Lufthansa’s $10 billion government bailout hit an obstacle on Wednesday after the German airline’s supervisory board refused to approve the bailout package after the European Commission proposed the airline to give up valuable slots at Frankfurt and Munich airports.
The bailout plan nevertheless remains “the only viable alternative” to insolvency, negotiations will continue over EU demands that would “lead to a weakening” of its airport hubs as well as its ability to repay loans.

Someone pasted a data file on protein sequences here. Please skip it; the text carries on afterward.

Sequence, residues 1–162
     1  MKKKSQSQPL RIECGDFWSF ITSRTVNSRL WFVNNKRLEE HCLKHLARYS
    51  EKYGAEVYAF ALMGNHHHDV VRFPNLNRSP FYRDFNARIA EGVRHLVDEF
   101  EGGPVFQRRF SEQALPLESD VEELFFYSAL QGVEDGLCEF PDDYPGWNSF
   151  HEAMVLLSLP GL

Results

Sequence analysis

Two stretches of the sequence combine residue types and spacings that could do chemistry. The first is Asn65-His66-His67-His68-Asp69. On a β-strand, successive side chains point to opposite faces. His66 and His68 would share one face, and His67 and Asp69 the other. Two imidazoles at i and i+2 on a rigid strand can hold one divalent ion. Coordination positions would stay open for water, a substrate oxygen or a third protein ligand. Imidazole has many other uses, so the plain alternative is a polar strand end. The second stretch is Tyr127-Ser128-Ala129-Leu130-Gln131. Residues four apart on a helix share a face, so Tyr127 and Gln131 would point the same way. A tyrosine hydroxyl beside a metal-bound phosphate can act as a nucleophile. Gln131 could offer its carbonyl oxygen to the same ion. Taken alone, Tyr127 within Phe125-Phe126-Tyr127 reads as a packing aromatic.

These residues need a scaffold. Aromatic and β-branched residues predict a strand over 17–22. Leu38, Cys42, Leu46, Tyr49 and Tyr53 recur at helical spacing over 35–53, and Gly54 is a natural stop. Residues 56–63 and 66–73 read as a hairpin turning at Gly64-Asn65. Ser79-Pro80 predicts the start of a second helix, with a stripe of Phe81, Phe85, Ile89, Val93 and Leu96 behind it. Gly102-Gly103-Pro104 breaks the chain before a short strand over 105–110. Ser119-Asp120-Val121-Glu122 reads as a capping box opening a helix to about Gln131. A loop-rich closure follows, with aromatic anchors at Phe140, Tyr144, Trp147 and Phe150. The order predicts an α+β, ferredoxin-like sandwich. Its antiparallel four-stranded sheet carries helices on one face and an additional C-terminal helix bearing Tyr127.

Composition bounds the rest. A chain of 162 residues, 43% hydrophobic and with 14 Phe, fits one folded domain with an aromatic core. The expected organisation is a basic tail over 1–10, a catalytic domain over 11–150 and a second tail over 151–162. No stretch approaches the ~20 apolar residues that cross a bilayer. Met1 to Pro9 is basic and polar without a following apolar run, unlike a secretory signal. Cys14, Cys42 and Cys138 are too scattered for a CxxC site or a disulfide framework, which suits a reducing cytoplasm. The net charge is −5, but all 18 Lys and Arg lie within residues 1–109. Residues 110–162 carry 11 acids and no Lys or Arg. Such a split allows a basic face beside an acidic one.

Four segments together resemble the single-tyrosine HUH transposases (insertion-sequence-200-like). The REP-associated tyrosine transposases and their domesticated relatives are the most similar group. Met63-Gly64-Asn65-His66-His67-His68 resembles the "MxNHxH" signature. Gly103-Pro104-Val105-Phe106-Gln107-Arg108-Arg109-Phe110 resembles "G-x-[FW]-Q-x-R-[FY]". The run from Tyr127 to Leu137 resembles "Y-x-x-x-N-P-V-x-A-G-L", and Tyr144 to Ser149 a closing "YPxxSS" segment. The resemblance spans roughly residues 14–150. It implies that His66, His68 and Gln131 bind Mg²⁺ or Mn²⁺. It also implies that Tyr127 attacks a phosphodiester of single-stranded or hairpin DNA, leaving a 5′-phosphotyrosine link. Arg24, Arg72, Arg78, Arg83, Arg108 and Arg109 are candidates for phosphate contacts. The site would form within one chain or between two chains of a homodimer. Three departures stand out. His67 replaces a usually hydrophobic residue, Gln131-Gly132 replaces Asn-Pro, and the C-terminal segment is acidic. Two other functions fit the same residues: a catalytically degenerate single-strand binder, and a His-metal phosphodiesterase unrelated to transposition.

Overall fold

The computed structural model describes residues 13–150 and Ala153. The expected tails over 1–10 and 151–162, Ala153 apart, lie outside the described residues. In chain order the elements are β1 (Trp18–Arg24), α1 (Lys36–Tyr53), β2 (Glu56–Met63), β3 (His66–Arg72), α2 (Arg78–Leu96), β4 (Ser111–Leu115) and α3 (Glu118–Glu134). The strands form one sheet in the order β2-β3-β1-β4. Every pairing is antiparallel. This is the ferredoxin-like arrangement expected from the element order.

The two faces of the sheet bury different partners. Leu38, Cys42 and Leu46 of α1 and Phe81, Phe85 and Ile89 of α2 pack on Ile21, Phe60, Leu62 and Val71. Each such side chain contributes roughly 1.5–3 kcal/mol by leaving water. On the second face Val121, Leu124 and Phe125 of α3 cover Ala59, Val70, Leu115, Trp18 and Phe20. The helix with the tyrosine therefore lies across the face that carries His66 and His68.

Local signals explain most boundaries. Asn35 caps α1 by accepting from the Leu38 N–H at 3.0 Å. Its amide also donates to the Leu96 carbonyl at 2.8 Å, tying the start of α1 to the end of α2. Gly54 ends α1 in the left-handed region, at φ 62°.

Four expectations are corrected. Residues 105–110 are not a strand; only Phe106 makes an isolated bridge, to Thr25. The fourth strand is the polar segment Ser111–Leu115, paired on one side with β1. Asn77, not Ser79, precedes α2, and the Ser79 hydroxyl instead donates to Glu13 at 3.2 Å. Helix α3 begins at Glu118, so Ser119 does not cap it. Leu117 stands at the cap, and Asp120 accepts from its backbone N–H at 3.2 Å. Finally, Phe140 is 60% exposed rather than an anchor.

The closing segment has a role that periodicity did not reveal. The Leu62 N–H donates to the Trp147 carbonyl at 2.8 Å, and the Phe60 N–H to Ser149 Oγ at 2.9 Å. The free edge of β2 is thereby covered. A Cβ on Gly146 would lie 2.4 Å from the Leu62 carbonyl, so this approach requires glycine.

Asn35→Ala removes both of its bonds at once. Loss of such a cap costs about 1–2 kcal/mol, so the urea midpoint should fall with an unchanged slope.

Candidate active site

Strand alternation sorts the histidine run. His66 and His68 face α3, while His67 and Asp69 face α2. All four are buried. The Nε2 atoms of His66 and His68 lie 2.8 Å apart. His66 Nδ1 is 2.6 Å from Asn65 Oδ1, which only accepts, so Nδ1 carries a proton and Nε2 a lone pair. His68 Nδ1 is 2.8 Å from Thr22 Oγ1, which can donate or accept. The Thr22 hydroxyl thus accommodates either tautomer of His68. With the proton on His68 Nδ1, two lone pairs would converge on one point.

Reports state that the European Commission wants Lufthansa to give up 72 of its lucrative take-off and landing slots at the two airports, on a permanent basis. The airline is reportedly willing to consider it if the sell-off is a temporary measure only.
The bailout deal announced on Monday would see the German government take a 20% stake in Lufthansa in return for a 6 billion euro injection of new capital, most of it non-voting, combined with 3 billion in state-backed loans.
German Minister for Economy Peter Altmaier said that it is “not only in Germany’s interests but also in the EU’s interests to avoid a sell-off of strategic interests in the industrial sector as a result of this pandemic.”